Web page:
Dale Bigford is the creator of this immense vampire hunting kit, which takes the tropes of the genre and turns them up to 11. Out of the dozens of kits that have been featured here this one easily takes the top spot in terms of size and the number of items included. The sheer amount of work assembling everything and then carefully packing it up in an orderly fashion is mind-boggling.
Here's Mr. Bigford talking about the inspiration for the kit:
"My friends and I were drinking wine watching an old Hammer Horror Dracula movie (Peter Cushing is the ONLY Van Helsing) in Germany (military) in 2008. Eventually my friend turned to me and said "you've got a box of vampire killing stuff right?" I answered "no...but why don't I"? So I started to build one...and it got outta hand. I just finished it this week. I didn't slave over it everyday for four years, but hit ALLOT of european antique/flea markets, did ALLOT of work and here it is.
One thing that always nagged at me was this:
When Van Helsing shows up in these eastern european countries he always has very little ON HIM yet always has whatever equipment is necessary. How could this be? In the age of steam ships, trains and carriages the answer was simple: A train case or steamer trunk.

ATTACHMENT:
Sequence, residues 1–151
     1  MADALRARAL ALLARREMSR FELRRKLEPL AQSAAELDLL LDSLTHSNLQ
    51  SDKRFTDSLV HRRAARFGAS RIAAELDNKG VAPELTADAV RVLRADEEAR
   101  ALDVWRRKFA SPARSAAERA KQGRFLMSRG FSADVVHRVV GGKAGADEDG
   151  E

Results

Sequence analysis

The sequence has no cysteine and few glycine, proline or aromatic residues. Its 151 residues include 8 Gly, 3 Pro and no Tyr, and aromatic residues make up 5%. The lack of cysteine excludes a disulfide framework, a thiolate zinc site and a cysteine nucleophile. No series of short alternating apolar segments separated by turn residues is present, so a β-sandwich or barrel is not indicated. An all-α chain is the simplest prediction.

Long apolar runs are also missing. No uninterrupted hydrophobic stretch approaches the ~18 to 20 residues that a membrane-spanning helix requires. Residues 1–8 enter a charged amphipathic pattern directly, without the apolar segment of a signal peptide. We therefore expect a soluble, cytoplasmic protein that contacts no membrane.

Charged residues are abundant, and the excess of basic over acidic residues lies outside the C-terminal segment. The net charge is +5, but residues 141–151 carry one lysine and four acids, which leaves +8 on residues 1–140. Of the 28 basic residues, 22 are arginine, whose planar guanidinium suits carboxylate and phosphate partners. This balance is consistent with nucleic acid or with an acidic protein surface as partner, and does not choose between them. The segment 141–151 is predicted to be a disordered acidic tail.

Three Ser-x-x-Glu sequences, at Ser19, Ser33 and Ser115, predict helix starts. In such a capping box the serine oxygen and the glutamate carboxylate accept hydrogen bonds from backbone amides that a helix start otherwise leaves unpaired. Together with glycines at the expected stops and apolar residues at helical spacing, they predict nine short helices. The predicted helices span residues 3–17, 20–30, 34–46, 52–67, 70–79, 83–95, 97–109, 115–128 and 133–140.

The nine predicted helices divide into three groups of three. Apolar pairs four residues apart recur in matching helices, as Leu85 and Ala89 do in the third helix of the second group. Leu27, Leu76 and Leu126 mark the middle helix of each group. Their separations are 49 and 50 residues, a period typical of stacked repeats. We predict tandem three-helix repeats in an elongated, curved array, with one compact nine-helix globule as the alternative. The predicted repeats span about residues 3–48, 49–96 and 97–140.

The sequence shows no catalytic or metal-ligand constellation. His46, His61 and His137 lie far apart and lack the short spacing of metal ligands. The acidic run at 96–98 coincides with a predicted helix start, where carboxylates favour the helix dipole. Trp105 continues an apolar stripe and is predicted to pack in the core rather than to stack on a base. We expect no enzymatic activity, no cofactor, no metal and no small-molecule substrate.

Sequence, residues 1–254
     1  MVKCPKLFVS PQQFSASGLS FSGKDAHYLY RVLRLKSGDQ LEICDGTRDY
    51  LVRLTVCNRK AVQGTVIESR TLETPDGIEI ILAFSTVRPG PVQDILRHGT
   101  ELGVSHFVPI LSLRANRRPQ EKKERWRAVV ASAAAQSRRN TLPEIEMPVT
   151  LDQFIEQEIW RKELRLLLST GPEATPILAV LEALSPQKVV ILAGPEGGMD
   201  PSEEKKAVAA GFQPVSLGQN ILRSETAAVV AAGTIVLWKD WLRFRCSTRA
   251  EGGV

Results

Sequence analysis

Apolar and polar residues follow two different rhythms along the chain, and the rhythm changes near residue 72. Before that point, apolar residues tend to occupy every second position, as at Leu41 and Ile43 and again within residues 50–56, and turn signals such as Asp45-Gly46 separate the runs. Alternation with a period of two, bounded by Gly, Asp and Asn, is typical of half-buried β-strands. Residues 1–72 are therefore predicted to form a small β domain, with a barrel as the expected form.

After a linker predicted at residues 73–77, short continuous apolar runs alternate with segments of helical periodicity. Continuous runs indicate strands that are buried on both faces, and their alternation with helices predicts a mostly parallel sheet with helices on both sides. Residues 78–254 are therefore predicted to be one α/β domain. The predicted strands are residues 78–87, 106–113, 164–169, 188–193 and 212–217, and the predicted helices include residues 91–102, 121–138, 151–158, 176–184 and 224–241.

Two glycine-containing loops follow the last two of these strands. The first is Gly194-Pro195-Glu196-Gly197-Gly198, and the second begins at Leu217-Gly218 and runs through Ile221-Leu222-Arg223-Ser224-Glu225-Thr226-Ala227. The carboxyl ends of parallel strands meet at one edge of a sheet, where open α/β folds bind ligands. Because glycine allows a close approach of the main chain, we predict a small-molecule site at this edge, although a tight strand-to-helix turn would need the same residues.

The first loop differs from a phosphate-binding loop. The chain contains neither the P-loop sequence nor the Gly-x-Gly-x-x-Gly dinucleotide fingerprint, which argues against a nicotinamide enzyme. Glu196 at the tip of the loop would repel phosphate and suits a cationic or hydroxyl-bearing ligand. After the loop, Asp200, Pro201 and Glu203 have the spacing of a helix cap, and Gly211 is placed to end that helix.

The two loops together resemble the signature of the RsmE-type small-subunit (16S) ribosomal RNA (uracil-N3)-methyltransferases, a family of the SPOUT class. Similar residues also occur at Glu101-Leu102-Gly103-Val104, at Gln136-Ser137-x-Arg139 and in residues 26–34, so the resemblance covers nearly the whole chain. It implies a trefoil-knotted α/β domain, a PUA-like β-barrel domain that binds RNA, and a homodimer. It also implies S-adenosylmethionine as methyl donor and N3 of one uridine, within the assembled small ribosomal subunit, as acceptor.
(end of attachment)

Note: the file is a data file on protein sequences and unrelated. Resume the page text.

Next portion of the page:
I wanted to go for the look of a converted/heavily modified clothing train case (complete with added victorian-style upholsetered back padding and heavy leather straps (which only the BURLIEST of assistants could shlep through mountain passes or abandonded cemeteries).
It also was important to show a kit that, after the passing of the great doctor, passed through many hands from the latter 19th-20th century and continued to be modified/added to as new knowledge came forward and different techniques were tried. Modified when/as/how it could be in the disheveld, chaotic life of someone who KNOWS vampires exist.
I admit in this day and age laser-sighted automatic pistols and high-powered stake guns are more effective, but they utterly lack the romance of the Victorian period."
We start with an overall shot of the trunk that provides a sense of just how large it is.
I love this touch. A backboard with shoulder straps makes perfect sense for transporting something this big. In my mind I can see the put-upon assistant straining under the weight of the thing while the good Doctor obliviously waits for him to catch up.
The first set of panels opened to expose the interior.
Stakes and spikes to the left, tools and weapons in the center, materia and components to the right. The one detail that really stands out to me is that everything is tied down or otherwise restrained. Far too many artists ignore that basic usability factor.
A closeup of the tool panel. The one critique I have is that the patina of the wood varies so much, but that's a trifling issue.
You can never have too many wooden stakes or iron spikes. One of the legacies of my youthful exploration of abandoned buildings is an appreciation for the utility of heavy spikes in defeating doors, windows, and locks. They're incredibly useful tools for breaking and entering. More importantly, a spike in the jamb keeps a door from closing. Getting in and out quickly no doubt comes in handy when hunting the undead.
I'll have some more shots of Mr. Bigford's case, including a closer look at the dozens of material components, tomorrow morning. If you want to jump ahead you should be able to browse the album over here.